Mo's word TRADITION has prompted me to get serious this week. My "pointed" point is made at the end of the article.
UNLIKE most Roman Catholic schools in the New York area, which embrace students regardless of their religion, Chaminade High School here requires a baptismal certificate to register.
“No exception,” said the Rev. James C. Williams, a cherub-faced priest who is the school’s president. “We advertise that pretty clearly because this is who we are. I don’t have room for all the Catholics who want to be here.”
Indeed, more than 1,600 boys from as far as Manhattan and Westchester County applied last year for 425 freshman seats at Chaminade, which many consider one of Long Island’s premier private schools and a relative bargain at $6,660 a year. Chaminade, founded in 1930 and now the Island’s only all-boys Catholic school, has thrived by staying unabashedly Catholic and traditional.
As the school year began this month, Chaminade students bowed their heads for a 10-minute morning prayer, repeated in an abbreviated version before every class. “Here I Am, Lord,” drifted through the hallways as the glee club practiced for a school Mass. Shortly before noon, the chapel filled with teenagers for a lunchtime prayer service.
No talk here of squaring Catholic teachings with secular realities. In 2005, out of concern over excessive materialism and alcohol consumption, Chaminade canceled its prom and later replaced it with a modest dinner cruise around Manhattan. There is a strict dress code that also prohibits facial hair.
Despite a recent haircut, Dominic DaRocha, a freshman, spent an hour during the first week of classes cleaning up the school library because his dark brown mop fell below ear level — a violation. “I thought I kind of deserved it,” Dominic, 13, said after a second haircut. “I know it’s a good school, and that’s all that really matters.”
Enrollment at Long Island’s 11 Catholic high schools is up about 7 percent since 2002, to nearly 13,000 (though down about 20 percent at elementary schools), according to officials with the Rockville Centre Diocese, which covers Long Island.
Sean Dolan, a spokesman for the diocese, said, “What we’re seeing anecdotally is that people are saving their money and saying we can’t do both, so we’re going to put them in public elementary school and then put them in Catholic high school.”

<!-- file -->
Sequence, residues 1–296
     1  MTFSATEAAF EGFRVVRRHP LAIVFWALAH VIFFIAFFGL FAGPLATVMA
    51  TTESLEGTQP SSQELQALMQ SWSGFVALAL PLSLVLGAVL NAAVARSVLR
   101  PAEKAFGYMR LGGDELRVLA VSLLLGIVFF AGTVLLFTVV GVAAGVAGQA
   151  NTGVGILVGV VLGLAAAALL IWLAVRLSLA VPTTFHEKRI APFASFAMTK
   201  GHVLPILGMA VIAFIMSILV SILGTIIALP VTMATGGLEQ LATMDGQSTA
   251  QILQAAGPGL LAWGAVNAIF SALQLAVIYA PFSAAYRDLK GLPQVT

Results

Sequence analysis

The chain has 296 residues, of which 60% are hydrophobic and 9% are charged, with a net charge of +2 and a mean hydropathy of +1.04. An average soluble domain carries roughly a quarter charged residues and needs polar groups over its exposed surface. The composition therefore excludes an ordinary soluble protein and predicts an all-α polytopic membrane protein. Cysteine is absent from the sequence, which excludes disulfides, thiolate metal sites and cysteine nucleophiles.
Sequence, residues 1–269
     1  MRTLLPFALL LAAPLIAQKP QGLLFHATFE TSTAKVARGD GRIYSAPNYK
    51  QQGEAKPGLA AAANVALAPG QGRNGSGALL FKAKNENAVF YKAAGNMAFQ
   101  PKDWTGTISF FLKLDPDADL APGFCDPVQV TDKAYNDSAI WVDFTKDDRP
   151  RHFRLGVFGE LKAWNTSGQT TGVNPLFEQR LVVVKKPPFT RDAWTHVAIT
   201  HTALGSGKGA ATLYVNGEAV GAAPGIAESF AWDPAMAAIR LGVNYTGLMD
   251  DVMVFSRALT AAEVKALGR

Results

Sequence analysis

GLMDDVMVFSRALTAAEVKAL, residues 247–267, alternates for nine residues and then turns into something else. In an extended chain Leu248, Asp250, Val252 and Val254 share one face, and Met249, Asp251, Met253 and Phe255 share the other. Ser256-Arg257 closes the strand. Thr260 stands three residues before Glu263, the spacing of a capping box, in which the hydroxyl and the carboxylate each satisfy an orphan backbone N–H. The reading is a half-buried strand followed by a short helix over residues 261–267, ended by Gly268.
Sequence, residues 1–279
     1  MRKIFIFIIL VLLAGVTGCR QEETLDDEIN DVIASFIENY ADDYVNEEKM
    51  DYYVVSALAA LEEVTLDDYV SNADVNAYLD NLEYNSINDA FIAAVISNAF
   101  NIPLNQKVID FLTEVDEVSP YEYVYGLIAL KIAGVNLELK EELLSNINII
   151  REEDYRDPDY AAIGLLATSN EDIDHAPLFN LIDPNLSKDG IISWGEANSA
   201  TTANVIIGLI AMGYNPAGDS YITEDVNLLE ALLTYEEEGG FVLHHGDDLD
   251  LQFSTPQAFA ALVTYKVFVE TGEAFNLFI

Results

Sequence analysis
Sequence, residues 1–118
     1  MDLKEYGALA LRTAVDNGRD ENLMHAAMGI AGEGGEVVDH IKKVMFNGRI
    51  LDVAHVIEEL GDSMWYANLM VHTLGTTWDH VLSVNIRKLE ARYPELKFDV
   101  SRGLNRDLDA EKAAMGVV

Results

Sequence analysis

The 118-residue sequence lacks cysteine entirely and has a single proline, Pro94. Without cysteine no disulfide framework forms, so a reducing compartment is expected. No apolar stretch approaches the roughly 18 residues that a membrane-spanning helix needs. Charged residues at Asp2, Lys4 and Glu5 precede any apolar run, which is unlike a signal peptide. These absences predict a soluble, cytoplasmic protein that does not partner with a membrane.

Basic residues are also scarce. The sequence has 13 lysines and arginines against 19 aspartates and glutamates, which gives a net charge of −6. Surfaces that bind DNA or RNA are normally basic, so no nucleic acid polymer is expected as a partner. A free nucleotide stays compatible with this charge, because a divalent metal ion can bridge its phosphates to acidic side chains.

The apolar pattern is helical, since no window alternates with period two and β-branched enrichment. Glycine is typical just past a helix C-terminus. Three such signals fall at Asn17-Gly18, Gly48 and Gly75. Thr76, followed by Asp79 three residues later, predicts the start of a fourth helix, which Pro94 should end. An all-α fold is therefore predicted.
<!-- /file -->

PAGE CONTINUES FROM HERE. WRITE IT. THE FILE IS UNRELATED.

But perhaps no place is more popular than Chaminade, which has top-notch academic and athletic programs and last summer expanded its campus with a $20 million sports and activities complex. Donations from a high-powered alumni network that includes former Senator Alfonse M. D’Amato, County Executive Thomas R. Suozzi and the television commentator Bill O’Reilly paid for the project.
Parents like Gina and James McGovern pay school taxes of more than $10,000 a year in Merrick but switched their 14-year-old son, Terence, to Chaminade this year so he could discuss issues like poverty, social justice and respect for life from a Catholic perspective.
“We’re not proselytizing or preaching, we’re simply looking for an opportunity to have a school system that supports the lessons we’re teaching in our home,” said Mrs. McGovern, a former PTA president. “I think the pendulum has swung so far in the other direction that it makes religious expression difficult or uncomfortable in public school.”
Parents who want to send their children to private schools, and pay dearly for that privilege, so that the school supports the lessons they teach at home, have every right to do so. But to expect that they should be able to express their religious beliefs in public school and feel comfortable about it are completely wrong. Public school is no place for expressions of private religious beliefs.